“Fitch has revised down its forecast economic growth in 2013
and 2014 to 0.8 per cent and 1.8 per cent, respectively, from 1.5 per cent and
2 per cent at the time of the last review of the U.K.'s sovereign ratings in
September 2012. The U.K. economy is not expected to reach its 2007 level of
real GDP until 2014, underscoring the weakness of the economic recovery.
Moody’s had already cut Britain’s rating.
Canada’s annual inflation rate dipped in March to just 1 per cent as gas prices eased, but there was a noticeable rise in the cost of food.
The March pace, down from 1.2 per cent in February, was brought down by a 0.3-per-cent decline in prices at the gas pump.
On a monthly basis, seasonally adjusted, consumer prices rose 0.1 per cent in March from February.
Food prices have taken a marked leap over the past 12 months, up by 1.8 per cent, the federal agency said. On a monthly basis, food costs dipped.
Meals out at restaurants now cost 2.2 per cent more than they did a year ago, fresh vegetables 7.2 per cent more, and fresh fruit 8.7 per cent more.
The so-called core rate of inflation, which strips out volatile items and helps guide the Bank of Canada, held steady at 1.4 per cent.
In case there was any doubt - and there wasn't - there's no pressure on the central bank to shift its stance on interest rates any time soon.
Shares of Dell Inc. slipped today as one of the groups kicking the tires of the computer decided not to bid.
Blackstone Group, a private equity firm, had been heading a group considering a rival bid to the $24.4-billion (U.S.) offer from Silver Lake Partners and Dell’s chief executive officer, Michael Dell.
But Dell said today Blackstone is bowing out. And the reasons are disheartening.
Here’s what the group put together to study a bid said in a letter to the special committee of Dell’s board.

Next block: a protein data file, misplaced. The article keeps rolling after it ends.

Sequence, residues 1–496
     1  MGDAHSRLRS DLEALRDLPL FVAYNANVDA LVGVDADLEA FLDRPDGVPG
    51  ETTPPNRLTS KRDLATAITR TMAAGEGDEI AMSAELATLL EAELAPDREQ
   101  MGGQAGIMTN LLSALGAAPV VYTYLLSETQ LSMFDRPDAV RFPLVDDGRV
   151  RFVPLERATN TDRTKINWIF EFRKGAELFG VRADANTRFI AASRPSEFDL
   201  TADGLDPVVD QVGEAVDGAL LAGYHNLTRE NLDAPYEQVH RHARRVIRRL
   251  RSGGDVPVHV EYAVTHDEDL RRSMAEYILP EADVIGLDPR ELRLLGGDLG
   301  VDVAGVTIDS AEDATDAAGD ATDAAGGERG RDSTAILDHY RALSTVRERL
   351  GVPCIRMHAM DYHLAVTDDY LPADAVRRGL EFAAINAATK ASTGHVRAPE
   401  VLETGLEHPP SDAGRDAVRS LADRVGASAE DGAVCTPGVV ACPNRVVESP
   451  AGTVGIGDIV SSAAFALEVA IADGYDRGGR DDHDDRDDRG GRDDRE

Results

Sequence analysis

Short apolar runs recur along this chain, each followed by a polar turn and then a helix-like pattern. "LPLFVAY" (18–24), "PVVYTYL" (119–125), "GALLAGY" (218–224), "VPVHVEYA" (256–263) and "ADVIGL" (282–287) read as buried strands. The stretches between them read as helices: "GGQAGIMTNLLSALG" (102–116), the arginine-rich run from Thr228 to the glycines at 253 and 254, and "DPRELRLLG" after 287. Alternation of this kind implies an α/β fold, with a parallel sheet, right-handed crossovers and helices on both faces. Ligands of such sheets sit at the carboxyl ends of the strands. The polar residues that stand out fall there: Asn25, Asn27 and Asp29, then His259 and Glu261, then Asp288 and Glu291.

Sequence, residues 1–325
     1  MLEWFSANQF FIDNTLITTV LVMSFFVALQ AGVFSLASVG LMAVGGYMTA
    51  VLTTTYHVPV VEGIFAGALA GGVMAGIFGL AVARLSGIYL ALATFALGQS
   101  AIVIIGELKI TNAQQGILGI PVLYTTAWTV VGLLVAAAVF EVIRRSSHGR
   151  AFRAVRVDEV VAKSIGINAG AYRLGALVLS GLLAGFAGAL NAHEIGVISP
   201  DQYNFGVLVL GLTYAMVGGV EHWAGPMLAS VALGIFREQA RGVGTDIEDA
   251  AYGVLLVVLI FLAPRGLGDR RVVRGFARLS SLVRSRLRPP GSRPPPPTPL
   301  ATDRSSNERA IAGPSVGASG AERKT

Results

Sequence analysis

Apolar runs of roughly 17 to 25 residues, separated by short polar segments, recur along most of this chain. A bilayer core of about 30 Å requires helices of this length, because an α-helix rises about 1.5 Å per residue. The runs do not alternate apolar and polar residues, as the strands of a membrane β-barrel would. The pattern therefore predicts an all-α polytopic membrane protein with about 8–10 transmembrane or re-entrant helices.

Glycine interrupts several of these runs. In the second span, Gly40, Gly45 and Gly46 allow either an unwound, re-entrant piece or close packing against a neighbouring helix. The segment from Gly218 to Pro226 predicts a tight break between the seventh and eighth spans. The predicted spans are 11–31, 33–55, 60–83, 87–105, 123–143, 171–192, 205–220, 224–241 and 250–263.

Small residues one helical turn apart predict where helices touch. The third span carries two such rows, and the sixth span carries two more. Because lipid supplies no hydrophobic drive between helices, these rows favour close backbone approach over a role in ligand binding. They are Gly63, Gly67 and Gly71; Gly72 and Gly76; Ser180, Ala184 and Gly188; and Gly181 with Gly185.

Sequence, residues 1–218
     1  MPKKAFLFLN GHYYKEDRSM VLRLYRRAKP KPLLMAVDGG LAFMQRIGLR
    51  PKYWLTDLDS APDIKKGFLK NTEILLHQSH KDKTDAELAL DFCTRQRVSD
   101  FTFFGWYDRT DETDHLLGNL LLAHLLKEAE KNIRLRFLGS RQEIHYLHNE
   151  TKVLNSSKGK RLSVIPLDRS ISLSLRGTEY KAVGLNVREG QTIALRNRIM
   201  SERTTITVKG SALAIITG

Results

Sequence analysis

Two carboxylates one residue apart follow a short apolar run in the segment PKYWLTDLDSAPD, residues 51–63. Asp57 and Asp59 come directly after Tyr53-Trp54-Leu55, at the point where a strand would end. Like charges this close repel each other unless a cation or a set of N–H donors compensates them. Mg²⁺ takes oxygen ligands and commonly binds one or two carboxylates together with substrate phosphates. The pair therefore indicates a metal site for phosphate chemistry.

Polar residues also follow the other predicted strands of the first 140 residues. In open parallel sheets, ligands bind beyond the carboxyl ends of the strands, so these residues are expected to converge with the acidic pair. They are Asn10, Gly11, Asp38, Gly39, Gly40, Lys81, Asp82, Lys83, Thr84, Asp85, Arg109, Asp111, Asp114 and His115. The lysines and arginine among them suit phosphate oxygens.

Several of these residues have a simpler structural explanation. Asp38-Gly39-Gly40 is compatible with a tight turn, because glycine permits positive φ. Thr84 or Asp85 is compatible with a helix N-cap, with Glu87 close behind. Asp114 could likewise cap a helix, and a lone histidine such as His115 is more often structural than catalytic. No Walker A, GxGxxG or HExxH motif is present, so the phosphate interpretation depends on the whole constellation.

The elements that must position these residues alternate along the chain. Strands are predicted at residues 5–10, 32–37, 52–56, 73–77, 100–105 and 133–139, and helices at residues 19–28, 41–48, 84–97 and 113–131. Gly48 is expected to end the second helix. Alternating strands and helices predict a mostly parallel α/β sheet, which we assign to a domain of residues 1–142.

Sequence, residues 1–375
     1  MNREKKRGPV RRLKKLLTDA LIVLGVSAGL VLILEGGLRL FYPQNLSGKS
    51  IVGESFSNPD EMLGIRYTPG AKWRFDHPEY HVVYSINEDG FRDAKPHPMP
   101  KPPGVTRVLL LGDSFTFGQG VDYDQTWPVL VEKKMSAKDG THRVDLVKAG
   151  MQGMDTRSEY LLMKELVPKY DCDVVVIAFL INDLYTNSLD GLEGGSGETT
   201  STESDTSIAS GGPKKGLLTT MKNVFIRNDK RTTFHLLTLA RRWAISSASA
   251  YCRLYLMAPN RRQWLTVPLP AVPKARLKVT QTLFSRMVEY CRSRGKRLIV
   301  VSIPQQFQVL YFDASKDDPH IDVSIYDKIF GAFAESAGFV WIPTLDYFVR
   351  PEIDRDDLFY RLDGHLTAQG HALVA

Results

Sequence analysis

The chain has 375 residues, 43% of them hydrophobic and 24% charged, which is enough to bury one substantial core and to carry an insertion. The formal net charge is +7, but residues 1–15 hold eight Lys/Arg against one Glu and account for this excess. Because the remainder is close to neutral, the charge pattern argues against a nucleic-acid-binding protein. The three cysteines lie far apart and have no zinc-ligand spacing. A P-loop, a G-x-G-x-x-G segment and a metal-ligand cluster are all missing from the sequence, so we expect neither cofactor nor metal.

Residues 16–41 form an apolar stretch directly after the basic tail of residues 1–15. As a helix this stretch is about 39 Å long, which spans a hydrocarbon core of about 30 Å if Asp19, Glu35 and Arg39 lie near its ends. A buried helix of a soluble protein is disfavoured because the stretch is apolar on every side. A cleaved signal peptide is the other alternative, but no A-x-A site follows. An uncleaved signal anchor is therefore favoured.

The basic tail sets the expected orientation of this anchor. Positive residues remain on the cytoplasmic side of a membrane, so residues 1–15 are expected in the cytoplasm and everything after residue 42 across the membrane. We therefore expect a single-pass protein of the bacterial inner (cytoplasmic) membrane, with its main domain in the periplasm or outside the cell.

“While we still believe that Dell is a leading global company with strong market positions, a number of significant adverse issues have surfaced since we submitted our letter proposal to you on March 22, including: (1) an unprecedented 14-per-cent market decline in PC volume in the first quarter of 2013, its steepest drop in history, and inconsistent with management’s projections for modest industry growth; and (2) the rapidly eroding financial profile of Dell. Since our bid submission, we learned that the company revised its operating income projections for the current year to $3-billion from $3.7-billion."
Gold outlook lower
Another forecaster has cut its projection for gold prices amid the slump in bullion.
As The Globe and Mail’s Pav Jordan reports, RBC Dominion Securities Inc. today trimmed its outlook for both gold and gold producers.
That follows bleaker outlooks from both Goldman Sachs Group Inc. and Société Générale.
RBC cut its gold forecast to $1,450 an ounce from $1,700, its silver forecast to $25.50 an ounce from $35, and its targets for North American gold companies by 30 per cent, 26 per cent for the top ranks.